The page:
CLEVELAND -- Trevor Bauer's final throw as a member of the Cleveland Indians wasn't a strike or a ball or even a wild pitch.
Rather, it was a heave from the pitcher's mound over the center field wall at Kauffman just as he was being pulled from the Indians' loss to the Kansas City Royals, which would double as his final start with the team.
Two days later, Cleveland traded Bauer to the Cincinnati Reds in a three-team deal that also involved the San Diego Padres. And while Indians president Chris Antonetti and general manager Mike Chernoff each insisted the incident had nothing to do with the deal -- nor did it affect his trade value -- manager Terry Francona admitted he had some reservations about the aftermath of Bauer's actions.
"I had concerns what it could do to our team," Francona said. "I voiced those concerns. I'd be lying if I said I wasn't a little bit worried."
For what it's worth, Francona told reporters on Tuesday that he didn't think Bauer -- who apologized for the incident, for which he will be fined -- deserved to have his legacy defined by the ill-advised toss, a comment he stood by on Wednesday.
"I didn't want that to be what he's remembered for," Francona said.
It's also worth noting that at the time he chucked the ball into the stands, Bauer was already one of the league's most talked-about trade targets leading up to Wednesday's Trade Deadline, with rumors having swirled regarding his Cleveland future since this past offseason.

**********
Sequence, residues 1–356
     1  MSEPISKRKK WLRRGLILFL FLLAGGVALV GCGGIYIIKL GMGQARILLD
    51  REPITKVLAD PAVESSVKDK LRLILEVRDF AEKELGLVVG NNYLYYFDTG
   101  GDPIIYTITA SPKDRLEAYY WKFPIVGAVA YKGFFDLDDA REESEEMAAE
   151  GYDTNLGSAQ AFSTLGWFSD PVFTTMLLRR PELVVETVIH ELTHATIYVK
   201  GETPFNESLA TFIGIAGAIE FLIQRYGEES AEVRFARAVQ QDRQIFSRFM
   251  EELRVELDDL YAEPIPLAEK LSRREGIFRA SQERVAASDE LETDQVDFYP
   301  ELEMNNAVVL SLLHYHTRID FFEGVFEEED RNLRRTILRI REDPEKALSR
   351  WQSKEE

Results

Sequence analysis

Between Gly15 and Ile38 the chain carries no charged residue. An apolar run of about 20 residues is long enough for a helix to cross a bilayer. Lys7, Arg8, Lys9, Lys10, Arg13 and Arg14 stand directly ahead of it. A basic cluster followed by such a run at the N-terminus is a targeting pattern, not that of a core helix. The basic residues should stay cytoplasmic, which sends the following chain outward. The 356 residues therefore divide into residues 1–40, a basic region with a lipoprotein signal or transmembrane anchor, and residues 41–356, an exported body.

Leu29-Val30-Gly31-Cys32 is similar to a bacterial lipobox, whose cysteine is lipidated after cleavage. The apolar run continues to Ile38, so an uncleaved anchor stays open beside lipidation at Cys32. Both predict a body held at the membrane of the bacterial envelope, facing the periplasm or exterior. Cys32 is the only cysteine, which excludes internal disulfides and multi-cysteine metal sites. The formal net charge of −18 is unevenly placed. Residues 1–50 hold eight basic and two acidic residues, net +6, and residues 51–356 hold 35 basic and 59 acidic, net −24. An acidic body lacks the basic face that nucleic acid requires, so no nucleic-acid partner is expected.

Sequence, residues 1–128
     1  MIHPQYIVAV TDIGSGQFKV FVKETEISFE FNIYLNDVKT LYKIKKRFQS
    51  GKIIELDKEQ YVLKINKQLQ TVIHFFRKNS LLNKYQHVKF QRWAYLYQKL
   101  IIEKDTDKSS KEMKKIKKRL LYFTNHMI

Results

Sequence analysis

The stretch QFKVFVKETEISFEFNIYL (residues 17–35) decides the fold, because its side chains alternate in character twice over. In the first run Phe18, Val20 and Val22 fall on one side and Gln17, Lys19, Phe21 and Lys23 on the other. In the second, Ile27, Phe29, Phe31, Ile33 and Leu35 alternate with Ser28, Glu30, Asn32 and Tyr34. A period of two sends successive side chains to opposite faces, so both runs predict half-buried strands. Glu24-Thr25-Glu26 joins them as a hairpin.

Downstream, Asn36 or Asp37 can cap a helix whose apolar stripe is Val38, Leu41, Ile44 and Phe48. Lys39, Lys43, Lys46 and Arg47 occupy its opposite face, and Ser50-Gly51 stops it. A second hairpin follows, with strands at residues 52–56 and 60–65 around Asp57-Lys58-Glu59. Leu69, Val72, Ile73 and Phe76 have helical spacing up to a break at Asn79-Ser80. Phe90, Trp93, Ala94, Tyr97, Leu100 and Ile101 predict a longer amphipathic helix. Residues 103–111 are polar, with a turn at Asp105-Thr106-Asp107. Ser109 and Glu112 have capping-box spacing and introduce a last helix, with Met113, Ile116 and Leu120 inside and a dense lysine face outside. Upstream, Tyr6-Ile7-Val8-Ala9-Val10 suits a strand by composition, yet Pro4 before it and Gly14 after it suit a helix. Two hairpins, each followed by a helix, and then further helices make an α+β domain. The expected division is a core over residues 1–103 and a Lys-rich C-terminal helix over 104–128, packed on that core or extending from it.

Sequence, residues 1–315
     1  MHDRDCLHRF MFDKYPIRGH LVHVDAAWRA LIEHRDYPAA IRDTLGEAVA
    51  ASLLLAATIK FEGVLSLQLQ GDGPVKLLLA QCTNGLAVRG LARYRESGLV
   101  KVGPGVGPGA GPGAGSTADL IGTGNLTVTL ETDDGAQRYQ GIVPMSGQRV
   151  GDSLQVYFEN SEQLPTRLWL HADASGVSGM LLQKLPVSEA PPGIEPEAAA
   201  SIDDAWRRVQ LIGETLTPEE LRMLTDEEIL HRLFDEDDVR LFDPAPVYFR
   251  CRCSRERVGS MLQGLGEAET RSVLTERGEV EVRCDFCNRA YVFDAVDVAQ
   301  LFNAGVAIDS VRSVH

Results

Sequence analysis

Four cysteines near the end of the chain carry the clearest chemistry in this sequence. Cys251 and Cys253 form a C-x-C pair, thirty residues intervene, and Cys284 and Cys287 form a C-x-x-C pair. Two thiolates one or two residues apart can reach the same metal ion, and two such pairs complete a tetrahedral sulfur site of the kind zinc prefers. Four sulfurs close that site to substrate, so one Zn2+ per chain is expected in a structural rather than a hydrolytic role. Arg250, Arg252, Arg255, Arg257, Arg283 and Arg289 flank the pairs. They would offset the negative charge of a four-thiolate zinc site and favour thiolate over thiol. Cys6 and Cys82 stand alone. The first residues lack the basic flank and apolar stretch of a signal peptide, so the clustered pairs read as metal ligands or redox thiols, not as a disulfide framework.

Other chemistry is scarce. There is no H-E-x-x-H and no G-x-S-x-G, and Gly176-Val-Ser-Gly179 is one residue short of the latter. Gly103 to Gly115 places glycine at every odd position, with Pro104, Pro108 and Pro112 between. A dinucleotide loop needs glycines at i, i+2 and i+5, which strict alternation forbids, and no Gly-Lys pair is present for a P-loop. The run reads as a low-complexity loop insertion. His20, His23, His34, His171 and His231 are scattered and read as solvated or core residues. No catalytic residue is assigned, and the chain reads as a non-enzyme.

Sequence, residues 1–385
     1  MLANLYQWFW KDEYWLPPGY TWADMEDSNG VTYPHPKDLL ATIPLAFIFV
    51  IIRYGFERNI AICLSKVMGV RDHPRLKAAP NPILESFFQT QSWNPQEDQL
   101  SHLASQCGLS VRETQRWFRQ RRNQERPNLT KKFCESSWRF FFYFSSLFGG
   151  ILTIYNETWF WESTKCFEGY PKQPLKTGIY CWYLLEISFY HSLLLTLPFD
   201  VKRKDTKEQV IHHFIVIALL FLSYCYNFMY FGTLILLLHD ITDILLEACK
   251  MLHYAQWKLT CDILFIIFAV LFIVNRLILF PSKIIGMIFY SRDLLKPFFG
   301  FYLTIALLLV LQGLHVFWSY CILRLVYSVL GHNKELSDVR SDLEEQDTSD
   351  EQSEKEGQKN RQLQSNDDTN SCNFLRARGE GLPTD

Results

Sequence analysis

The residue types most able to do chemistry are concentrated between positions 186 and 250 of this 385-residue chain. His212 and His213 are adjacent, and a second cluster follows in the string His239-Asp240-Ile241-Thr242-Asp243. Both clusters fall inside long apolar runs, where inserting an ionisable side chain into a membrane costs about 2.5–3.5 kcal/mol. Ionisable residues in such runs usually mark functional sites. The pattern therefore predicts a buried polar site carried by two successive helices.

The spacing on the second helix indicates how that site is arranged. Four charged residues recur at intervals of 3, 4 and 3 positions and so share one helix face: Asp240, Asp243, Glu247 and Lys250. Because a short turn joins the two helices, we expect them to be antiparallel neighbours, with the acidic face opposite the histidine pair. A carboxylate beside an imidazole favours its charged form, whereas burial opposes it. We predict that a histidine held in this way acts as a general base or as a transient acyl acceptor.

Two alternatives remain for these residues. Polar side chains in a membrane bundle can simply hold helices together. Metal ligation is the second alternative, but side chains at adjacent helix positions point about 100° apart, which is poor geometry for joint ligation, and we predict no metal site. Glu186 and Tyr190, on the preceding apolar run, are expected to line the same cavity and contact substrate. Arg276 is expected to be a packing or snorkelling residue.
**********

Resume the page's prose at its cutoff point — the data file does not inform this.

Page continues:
But while Bauer's decision to chuck a ball over an outfield wall may not define his legacy with the Indians, it did feel like a fitting end to the polarizing pitcher's Cleveland tenure. Despite his indisputable talent, the 2018 All-Star selection's career has been dotted with no shortage of controversy, ranging from drone accidents to accusations of harassment on social media.
Nevertheless, Bauer remained a beloved member of the Indians clubhouse -- particularly among the team's pitching staff. His farewell with the front office, however, was more business-like, as is often the case in these situations.
"Pretty short," Francona said of the meeting with Bauer. "We just told him what we did... we just wished him well and he went on his way."